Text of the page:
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Connecticut State Golf Association
Steward of Connecticut Golf Since 1899
Connecticut State Golf Association
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CT, Mass, RI in three-way tie Tri-States

(Ben Conroy ties off on hole #10 at Oyster Harbors)

The 85th playing of the annual Tri-State Matches between Connecticut, Rhode Island and Massachusetts stands tied at 48 points apiece after the first day of the competition. In the Ryder Cup style match play format, teams competed for 1 point on the front nine, 1 point on the back, and 1 point for the overall 18. 

Each state is represented by sixteen players, including six seniors. Massachusetts is hosting this year at Oyster Harbors Club in Osterville.

Day one featured 36 holes of foursomes play. After the morning session Massachusetts and Rhode Island were tied at 25 with Connecticut trailing at 22. Connecticut made up ground in the afternoon producing the unusual three-way tie.

“It’s often not too close after the first day, much less tied,” remarked Team Captain Roger Everin. “Usually you’re hoping to gain a small lead or stay close if one of the other teams is playing really well.”

Dan Murphy of H. Smith Richardson was Connecticut’s top performer on Tuesday. Out of a possible 12 total points, Murphy garnered 11.5, teaming in the morning with Mike Kennedy of New Haven CC to win 5.5, and James Sheltman of Alling Memorial in the afternoon for a 6-point sweep.

Other key contributors for Connecticut included Glen Boggini of Manchester CC and Pat Griffin of Blue Fox Run who partnered in the afternoon and also produced the maximum of 6-points for their team.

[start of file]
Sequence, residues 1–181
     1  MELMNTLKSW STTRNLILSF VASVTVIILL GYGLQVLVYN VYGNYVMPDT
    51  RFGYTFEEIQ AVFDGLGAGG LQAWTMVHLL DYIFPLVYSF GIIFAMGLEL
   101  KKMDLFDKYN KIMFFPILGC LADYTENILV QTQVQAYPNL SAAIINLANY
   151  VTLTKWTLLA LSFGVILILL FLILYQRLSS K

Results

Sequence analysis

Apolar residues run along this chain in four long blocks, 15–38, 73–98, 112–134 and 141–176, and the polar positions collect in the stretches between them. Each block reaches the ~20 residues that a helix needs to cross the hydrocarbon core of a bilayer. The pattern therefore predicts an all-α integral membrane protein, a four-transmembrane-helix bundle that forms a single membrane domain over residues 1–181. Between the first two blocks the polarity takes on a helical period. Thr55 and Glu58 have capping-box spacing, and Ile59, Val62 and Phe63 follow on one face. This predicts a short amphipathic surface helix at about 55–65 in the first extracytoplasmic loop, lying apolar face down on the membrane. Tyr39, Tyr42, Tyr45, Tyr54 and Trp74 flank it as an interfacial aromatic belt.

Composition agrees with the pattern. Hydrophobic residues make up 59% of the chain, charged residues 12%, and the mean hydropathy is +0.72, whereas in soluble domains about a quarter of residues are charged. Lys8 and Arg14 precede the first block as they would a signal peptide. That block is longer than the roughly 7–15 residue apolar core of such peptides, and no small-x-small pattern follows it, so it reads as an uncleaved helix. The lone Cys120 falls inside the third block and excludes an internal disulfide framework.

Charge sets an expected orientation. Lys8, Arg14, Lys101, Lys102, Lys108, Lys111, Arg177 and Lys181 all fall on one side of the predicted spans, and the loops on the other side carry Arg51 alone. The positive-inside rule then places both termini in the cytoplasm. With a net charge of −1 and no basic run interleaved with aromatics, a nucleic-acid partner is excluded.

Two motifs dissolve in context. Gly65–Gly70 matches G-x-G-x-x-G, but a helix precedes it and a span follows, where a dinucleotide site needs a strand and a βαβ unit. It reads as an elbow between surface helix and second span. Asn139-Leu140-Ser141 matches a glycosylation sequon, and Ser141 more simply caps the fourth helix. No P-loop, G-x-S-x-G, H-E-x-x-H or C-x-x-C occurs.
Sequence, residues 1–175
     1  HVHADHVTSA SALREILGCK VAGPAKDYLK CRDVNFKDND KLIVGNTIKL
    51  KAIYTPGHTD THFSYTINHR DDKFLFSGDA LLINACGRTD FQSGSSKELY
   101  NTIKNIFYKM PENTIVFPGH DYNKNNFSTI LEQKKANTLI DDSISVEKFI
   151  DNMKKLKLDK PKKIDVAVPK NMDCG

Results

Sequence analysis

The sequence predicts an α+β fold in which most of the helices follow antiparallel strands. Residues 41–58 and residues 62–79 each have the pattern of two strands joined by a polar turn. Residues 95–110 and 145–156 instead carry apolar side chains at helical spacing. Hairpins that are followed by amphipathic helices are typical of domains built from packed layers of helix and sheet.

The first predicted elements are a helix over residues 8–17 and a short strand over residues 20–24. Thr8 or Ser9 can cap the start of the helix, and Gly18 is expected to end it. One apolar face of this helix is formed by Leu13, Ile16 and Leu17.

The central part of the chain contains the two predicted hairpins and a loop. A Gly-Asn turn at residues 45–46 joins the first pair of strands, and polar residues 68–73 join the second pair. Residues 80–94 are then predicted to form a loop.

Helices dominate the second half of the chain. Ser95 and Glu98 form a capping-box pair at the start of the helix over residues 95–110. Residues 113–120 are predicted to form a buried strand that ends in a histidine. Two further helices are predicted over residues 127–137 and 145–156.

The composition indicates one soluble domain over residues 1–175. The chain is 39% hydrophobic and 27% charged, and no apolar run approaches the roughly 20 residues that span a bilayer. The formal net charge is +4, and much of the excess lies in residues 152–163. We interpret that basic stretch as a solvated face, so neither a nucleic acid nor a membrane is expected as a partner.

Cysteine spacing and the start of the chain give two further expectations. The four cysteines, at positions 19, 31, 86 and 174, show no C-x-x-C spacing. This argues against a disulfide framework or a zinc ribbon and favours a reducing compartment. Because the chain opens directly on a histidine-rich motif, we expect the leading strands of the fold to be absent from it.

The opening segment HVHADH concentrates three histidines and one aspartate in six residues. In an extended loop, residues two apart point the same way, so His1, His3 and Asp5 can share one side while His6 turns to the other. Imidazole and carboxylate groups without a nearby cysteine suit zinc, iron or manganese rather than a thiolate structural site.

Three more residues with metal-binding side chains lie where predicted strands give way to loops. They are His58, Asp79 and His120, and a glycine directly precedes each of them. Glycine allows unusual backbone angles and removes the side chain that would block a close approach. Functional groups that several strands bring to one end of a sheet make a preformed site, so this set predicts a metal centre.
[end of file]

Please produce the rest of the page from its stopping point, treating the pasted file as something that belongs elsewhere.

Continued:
Connecticut is looking to break the stranglehold Massachusetts has applied to the Tri-States. The Bay State has won 14 straight dating back to 2003 when Connecticut won the Matches at Kittansett Club.

The Tri-State Matches conclude on Wednesday morning with singles competition. The featured match pits Connecticut Player of the Year, Ben Conroy against Rhode Island’s Jamie Lukowicz, and Matt Parziale of Massachusetts. Parziale, the 2017 US Mid-Amateur champion, was the low amateur at the 2018 US Open.

 

 

 

 

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About the CSGA

The CSGA functions as an extension of the USGA and provides stewardship for amateur golf in Connecticut. Founded in 1899, it is the country’s oldest state golf association and conducts over 50 Championships, Qualifiers and One-Day Tournaments throughout the year, in addition to administering handicaps for over 40,000 members and 181 member clubs. As a 501(c)(6) non-profit organization, the CSGA supports a variety of golf organizations within Connecticut, including the Connecticut Women’s Golf Association, Southern New England Women’s Golf Association, The First Tee, the Connecticut PGA, and the CSGA Scholarship Fund in honor of Widdy Neale.